Cool microscopy takes 2017 chemistry Nobel

Journalists reading up on their chemistry ahead of the announcement

The cryo-electron microscopy method, developed with Joachim Frank, 77, of New York's Columbia University, and Jacques Dubochet, 75, of Switzerland's University of Lausanne, has implications for medicine shifting focus from organs to processes in cells.

Thanks to the worldwide team's "cool method", which uses electron beams to examine the tiniest structures of cells, "researchers can now freeze biomolecules mid-movement and visualise processes they have never previously seen", the Nobel chemistry committee said.

The technique allows scientists to freeze biomolecules in action and "visualise processes they have never previously seen", according to the Nobel statement.

But these microscopes bombard their targets with high-energy electrons, which typically move biological structure or rip them apart entirely.

"We may soon have detailed images of life's complex machinery in atomic resolution". Known as cryo-electron microscopy, it allows researchers to study the structure of biomolecules in high resolution without damaging them for the first time in history. The use of both techniques was, however, subject to limitations imposed by the nature of biomolecules. First, the electron beam itself would prove deadly to biological material.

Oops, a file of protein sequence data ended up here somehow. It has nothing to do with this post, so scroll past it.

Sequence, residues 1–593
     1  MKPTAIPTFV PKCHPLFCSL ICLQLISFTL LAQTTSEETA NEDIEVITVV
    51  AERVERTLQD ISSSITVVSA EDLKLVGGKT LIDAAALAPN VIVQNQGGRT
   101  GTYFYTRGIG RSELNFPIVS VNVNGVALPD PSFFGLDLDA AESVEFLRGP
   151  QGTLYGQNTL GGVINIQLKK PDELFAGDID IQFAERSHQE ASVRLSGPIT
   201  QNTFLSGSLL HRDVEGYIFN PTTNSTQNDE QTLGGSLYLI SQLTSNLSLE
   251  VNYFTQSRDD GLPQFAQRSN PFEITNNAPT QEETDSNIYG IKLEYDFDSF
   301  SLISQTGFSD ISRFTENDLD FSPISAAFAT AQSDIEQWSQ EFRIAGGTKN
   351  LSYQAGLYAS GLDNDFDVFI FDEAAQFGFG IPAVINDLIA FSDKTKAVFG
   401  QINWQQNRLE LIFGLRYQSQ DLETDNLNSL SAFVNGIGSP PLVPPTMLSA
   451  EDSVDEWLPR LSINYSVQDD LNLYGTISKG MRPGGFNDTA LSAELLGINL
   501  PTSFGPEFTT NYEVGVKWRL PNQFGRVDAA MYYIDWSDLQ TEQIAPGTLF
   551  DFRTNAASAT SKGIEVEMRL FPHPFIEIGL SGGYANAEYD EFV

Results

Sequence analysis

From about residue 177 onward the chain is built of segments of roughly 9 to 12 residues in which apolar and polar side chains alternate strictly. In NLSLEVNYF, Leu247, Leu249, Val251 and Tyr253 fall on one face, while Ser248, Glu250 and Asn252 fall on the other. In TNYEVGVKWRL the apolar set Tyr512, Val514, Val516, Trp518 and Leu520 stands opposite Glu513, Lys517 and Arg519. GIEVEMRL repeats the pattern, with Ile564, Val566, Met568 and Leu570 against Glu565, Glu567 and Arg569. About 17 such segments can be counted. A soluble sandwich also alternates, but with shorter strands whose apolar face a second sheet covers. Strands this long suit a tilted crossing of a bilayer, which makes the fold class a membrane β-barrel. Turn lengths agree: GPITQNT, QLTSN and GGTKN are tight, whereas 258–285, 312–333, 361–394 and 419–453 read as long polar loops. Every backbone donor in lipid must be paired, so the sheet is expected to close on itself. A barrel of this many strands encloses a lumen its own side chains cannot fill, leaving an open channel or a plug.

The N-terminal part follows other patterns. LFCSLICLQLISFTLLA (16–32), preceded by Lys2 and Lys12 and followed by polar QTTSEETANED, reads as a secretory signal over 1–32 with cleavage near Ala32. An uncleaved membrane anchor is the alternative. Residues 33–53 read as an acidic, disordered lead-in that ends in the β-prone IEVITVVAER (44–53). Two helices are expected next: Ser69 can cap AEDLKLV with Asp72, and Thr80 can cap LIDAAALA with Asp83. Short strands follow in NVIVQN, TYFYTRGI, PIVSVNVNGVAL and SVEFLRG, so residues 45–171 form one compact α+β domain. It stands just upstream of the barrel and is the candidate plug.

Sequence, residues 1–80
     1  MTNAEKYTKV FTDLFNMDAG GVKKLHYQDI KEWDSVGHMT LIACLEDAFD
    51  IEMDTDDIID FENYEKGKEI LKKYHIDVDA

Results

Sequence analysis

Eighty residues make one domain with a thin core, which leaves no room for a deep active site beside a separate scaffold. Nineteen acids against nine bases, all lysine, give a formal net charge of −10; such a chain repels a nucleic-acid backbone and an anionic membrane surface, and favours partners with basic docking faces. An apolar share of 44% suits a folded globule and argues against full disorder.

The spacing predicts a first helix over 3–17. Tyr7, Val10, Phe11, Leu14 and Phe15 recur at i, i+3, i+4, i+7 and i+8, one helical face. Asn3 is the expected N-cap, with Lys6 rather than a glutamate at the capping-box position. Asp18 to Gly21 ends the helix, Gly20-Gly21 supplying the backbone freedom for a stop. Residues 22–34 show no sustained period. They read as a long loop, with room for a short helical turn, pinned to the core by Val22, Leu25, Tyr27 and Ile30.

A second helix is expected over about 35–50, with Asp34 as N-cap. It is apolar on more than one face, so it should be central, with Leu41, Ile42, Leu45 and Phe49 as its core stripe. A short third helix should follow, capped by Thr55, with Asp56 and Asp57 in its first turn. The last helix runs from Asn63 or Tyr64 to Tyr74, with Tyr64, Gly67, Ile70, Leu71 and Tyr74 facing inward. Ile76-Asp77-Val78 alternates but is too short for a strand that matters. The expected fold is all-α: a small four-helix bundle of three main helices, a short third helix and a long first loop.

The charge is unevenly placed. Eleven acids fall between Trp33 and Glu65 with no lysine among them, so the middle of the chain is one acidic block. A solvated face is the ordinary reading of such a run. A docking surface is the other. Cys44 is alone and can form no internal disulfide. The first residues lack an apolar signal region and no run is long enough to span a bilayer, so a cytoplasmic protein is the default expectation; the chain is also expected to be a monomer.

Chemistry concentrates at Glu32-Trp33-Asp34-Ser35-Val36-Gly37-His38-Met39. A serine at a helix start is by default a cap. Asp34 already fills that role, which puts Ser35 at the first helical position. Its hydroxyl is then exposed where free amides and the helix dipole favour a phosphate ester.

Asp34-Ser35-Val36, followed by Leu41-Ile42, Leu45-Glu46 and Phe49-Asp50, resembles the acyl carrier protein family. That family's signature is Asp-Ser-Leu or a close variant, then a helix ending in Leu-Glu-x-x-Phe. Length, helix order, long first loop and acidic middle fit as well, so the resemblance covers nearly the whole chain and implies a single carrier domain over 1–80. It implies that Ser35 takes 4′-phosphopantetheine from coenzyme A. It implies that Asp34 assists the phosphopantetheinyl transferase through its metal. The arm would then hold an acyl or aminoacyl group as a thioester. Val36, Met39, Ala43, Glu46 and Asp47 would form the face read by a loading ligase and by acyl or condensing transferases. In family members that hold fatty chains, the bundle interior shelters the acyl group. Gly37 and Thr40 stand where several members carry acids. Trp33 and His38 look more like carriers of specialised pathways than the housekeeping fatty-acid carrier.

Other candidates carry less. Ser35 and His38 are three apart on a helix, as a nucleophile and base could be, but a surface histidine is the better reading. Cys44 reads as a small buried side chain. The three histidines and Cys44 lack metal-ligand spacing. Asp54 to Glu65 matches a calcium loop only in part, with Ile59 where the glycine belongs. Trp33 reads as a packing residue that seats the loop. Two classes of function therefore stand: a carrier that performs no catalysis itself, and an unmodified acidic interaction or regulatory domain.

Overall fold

Richard Henderson, 72, a programme leader at the Medical Research Council Laboratory of Molecular Biology (LMB) in Cambridge, is one of the fathers of cryo-electron microscopy (cryo-EM), a technique for making freeze-frame images that is described as the biggest advance in its field for a century. They swapped water with a sugar cocktail, which could withstand the vacuum and systematically tweaked the settings of their microscope to limit the damage caused by the electrons.

"Joachim Frank made the technology generally applicable".

Nobel Prize in Chemistry 2016 was also awarded to two persons, Fraser Stoddart and Jean-Pierre Sauvage, Ben Feringa "for the design and synthesis of molecular machines". Between 1975 and 1986 he developed an image processing method in which the electron microscope's fuzzy twodimensional images are analysed and merged to reveal a sharp three-dimensional structure. "Those are exactly the people I thought should win the Nobel Prize".

"And as a biologist, I can say that the pictures are attractive", he said. Well, to reach scientific breakthroughs, we must understand our world, including objects at the atomic level that are invisible to the human eye.

The 2017 prize, worth 9 million kronor ($1.1 million), is being announced Wednesday by the Royal Swedish Academy of Sciences.

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